Sanctuary (abhayatthana or pujjatthana) is the right of asylum available in certain religious establishments and which is recognized, either informally or legally, by the government. Sanctuary in Buddhist monasteries had a long history in Sri Lanka lasting for at least 1000 years. Royal officers or those who believed a crime had been committed, could easily be infuriated, jump to conclusions and dish out swift justice to whoever seemed to be the most likely offender. This sometimes led to innocent parties being punished. An accused who was able to flee to the nearest monastery would be protected from such mob justice. Sanctuary would give a person an opportunity to explain himself and allow his accusers to calm down so that the facts could be examined more objectively. The monks in the monastery the accused had sought sanctuary in would also be able to adjudicate on their behalf. Numerous documents from ancient Sri Lanka show that royal officers and others were forbidden to enter certain monasteries or sometimes even monastic estates, to apprehend offenders, without permission of the monks. The rules of sanctuary varied at different times and in different places but usually a person was given sanctuary for five days or until the next uposatha. If the monks decided the person seeking refuge was guilty they would expel him or allow royal officers to enter the monastery to arrest him. On other occasions they might negotiate a settlement between the accused, his victim and the judicial authorities.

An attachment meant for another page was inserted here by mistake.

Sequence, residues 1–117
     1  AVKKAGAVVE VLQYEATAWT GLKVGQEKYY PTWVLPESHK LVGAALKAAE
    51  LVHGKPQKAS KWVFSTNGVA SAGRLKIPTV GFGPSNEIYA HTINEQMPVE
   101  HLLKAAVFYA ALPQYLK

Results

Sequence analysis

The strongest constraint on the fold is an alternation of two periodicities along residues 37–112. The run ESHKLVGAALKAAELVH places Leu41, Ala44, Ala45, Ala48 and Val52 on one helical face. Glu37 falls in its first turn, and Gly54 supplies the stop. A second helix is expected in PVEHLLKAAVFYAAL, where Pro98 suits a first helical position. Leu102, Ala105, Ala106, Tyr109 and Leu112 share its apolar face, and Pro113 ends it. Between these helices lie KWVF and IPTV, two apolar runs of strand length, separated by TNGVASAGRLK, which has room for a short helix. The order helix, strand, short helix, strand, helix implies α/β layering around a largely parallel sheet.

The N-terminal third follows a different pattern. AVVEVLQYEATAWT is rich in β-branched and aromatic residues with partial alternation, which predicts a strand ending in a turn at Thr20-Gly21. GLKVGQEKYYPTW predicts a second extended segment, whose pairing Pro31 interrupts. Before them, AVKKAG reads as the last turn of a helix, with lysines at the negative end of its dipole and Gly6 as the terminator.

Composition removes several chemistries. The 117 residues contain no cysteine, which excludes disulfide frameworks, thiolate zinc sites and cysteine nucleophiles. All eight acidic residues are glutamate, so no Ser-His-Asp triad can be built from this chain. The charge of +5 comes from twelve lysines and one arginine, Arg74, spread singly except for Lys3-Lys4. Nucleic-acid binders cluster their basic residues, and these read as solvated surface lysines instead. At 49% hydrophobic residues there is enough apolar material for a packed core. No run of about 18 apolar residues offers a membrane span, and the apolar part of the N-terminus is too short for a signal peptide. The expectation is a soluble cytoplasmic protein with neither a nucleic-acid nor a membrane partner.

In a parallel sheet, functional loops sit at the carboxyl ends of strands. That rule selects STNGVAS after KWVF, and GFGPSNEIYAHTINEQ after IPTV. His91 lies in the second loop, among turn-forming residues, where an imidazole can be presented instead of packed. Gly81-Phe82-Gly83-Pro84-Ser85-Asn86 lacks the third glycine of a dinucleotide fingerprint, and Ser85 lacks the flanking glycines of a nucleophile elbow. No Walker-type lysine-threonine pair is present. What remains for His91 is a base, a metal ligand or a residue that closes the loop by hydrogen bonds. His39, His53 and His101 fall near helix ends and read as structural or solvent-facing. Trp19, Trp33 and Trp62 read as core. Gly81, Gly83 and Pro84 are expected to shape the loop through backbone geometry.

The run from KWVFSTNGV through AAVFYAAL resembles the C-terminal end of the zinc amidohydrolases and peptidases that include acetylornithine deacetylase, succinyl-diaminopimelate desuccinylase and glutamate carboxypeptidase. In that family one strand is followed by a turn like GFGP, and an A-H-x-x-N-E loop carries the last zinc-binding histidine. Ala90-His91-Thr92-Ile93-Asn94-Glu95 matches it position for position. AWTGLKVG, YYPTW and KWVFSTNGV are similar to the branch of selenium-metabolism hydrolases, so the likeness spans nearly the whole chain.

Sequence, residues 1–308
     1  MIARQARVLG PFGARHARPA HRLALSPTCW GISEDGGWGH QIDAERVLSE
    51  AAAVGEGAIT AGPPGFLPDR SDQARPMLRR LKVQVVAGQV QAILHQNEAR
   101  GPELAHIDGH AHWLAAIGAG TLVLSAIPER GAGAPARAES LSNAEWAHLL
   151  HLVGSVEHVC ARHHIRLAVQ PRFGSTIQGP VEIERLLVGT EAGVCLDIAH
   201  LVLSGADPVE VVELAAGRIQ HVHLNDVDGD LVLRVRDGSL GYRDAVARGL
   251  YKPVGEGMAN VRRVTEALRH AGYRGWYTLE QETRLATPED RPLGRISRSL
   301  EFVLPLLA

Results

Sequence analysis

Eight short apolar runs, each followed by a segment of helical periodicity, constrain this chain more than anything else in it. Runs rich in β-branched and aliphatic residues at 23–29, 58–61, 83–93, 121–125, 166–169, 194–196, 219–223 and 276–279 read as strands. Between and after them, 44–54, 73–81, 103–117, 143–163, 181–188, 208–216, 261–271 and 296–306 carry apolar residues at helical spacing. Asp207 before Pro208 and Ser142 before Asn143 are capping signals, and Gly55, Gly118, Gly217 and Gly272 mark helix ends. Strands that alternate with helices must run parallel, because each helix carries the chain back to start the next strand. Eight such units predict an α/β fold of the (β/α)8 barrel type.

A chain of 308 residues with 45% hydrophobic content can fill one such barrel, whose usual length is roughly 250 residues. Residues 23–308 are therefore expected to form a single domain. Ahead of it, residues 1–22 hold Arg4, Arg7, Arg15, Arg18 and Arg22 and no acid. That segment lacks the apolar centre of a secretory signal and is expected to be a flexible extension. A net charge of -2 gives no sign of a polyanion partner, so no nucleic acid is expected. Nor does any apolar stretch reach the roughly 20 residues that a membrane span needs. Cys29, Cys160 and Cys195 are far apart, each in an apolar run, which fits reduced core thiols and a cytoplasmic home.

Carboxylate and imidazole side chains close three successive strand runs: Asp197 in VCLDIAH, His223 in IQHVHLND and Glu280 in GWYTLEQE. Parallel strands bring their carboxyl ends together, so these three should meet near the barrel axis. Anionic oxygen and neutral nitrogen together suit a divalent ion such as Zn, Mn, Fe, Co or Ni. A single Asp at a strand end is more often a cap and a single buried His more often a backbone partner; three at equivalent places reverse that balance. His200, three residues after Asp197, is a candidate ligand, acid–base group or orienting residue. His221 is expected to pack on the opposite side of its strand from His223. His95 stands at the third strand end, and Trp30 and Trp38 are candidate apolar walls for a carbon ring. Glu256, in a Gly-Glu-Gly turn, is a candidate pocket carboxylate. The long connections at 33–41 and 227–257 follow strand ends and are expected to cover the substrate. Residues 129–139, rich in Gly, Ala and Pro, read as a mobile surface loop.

Sanctuary was usually given to those accused of committing what were called `the five grave offences' (pa¤camahàparàdha), although exactly what constituted these is unclear. It might have been breaking the five Precepts or five of the six `acts of immediate retribution' (pa¤cànantariyakamma, Miln.25), i.e. murdering one's mother, one's father, an arahat, injuring a Buddha or causing a schism in the Saïgha (As.358). In this context, injuring a Buddha was understood as stealing or desecrating a Buddha statue or other sacred objects. Other versions of the five grave offences included assault, killing cattle, banditry and rape.
Violating the right of sanctuary could have very serious consequences for those who did it. The Mahàvaüsa records an example of this. During political upheaval in the reign of King Udaya III (934-937) a number of court officials fled to the monastery of some monks revered for their simplicity and holiness. The king and his soldiers pushed their way into the monastery and summarily executed the officials. As a protest against this violation of the right of sanctuary and the shedding of blood in their monastery, the monks rose in a body and left the capital for the forest. In response to this riots broke out in the capital, sections of the army rebelled and the life of the king himself was threatened. To calm the situation the king had to send his senior ministers after the monks to beg for their forgiveness and plea with them to return to their monastery. The disorder subsided and the humiliated and chastened king had to promise never to violate the right of sanctuary again.
There is nothing in the Tipiñaka suggesting that monasteries could offer sanctuary. The custom may have developed from the idea that monks could be exempt from certain laws (e.g. D.I,60) and that worldly affairs should not intrude into monasteries. The Buddha's teaching that judgements are best made in a calm and considered manner may have been a factor too.